Pay for performance is changing the severance landscape. High value severance benefits for termination due to poor performance (“pay for failure”) or following a change in control are a hot button issue with major institutional investors and their advisers. More and more companies are breaking from past practices and employing emerging best practice approaches in an effort to strike a more appropriate balance between legitimate company needs and shareholder concerns.
1. Today, the average tenure of a CEO is between five and six years owing to the frequency of performance-based firings, mergers and acquisitions, and private equity buyouts. Thus, the Board will likely need to make critical decisions about the treatment of pay and benefits at the termination of a CEO or other senior executive whether in company plan provisions (equity, retirement, severance) and employment agreements at hire, or ad hoc at termination.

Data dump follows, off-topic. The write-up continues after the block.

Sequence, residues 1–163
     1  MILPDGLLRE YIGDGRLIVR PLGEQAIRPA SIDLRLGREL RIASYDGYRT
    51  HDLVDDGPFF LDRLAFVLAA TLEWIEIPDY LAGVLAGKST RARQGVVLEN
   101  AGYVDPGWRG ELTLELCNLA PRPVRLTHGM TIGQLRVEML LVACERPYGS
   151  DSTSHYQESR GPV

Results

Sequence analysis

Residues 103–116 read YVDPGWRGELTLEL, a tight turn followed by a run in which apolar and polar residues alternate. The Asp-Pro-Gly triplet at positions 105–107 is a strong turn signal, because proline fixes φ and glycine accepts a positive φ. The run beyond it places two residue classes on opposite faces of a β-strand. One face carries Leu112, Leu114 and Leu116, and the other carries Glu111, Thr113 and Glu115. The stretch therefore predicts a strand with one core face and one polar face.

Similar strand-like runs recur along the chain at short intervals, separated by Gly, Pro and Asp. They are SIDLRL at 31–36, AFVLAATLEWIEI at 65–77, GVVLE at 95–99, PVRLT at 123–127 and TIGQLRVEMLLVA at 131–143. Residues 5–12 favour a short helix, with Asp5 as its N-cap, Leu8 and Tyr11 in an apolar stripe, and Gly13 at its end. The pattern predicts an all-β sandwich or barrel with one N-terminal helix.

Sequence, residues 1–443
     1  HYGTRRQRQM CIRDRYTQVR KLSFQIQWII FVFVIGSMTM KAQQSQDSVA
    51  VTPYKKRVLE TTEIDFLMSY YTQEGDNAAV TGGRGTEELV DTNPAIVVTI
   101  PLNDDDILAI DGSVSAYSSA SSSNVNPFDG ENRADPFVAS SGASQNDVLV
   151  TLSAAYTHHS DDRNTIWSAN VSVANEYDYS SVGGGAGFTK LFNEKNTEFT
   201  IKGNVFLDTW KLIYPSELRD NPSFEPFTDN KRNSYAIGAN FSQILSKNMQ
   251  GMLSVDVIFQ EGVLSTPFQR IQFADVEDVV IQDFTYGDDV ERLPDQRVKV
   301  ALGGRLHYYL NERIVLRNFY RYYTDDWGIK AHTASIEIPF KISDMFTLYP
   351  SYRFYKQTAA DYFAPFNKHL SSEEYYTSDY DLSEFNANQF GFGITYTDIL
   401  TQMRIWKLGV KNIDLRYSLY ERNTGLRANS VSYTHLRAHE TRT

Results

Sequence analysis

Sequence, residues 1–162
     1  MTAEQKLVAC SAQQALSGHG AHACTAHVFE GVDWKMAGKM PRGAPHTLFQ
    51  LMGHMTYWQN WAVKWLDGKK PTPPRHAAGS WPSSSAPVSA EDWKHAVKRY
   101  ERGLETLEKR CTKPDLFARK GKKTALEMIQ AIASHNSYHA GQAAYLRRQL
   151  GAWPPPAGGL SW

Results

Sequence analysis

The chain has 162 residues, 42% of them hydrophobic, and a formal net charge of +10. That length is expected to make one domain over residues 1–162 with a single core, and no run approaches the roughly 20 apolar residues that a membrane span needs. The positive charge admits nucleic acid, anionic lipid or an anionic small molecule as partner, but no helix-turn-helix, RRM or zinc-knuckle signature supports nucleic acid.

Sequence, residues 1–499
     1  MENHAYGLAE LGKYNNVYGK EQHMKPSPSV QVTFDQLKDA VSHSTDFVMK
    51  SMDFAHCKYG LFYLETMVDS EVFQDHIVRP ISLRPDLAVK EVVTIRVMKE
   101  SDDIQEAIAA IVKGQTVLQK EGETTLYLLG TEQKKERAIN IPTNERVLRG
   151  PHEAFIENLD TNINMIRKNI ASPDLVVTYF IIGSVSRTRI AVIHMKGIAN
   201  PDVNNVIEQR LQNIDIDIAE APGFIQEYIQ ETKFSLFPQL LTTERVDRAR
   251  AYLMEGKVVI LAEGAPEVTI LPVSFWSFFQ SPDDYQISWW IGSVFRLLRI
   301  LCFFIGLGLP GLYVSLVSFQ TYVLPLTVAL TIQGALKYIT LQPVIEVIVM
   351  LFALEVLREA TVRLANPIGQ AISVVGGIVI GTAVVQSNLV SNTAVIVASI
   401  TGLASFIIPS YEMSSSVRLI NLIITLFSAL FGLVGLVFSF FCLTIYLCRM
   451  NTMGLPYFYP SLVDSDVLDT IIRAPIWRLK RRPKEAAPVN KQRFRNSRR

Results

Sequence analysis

2. Cash severance payments and acceleration of vesting on incentive awards and retirement plans are common given the risks associated with executive positions. On the other hand, gross up payments on excise taxes at termination following a change in control and executive benefits and perquisites post termination, both of which were once very common, are generally no longer offered to new executives.
3. CEO and executive employment agreements are declining in prevalence as companies seek greater flexibility on initial severance terms and the ability to adjust the terms over time as competitive practices evolve. Rather than simply matching competitive benefits, companies should consider the total walkaway value to executives when determining severance benefits.
4. Emerging best practices include employing executives “at will” without employment agreements, reducing or phasing out cash severance for termination without cause, reducing cash severance for termination following a change in control, requiring a double trigger for equity acceleration in a change in control, avoiding equity acceleration in the event of a termination without cause, and avoiding the temptation to go beyond plan provisions and boundaries at separation.
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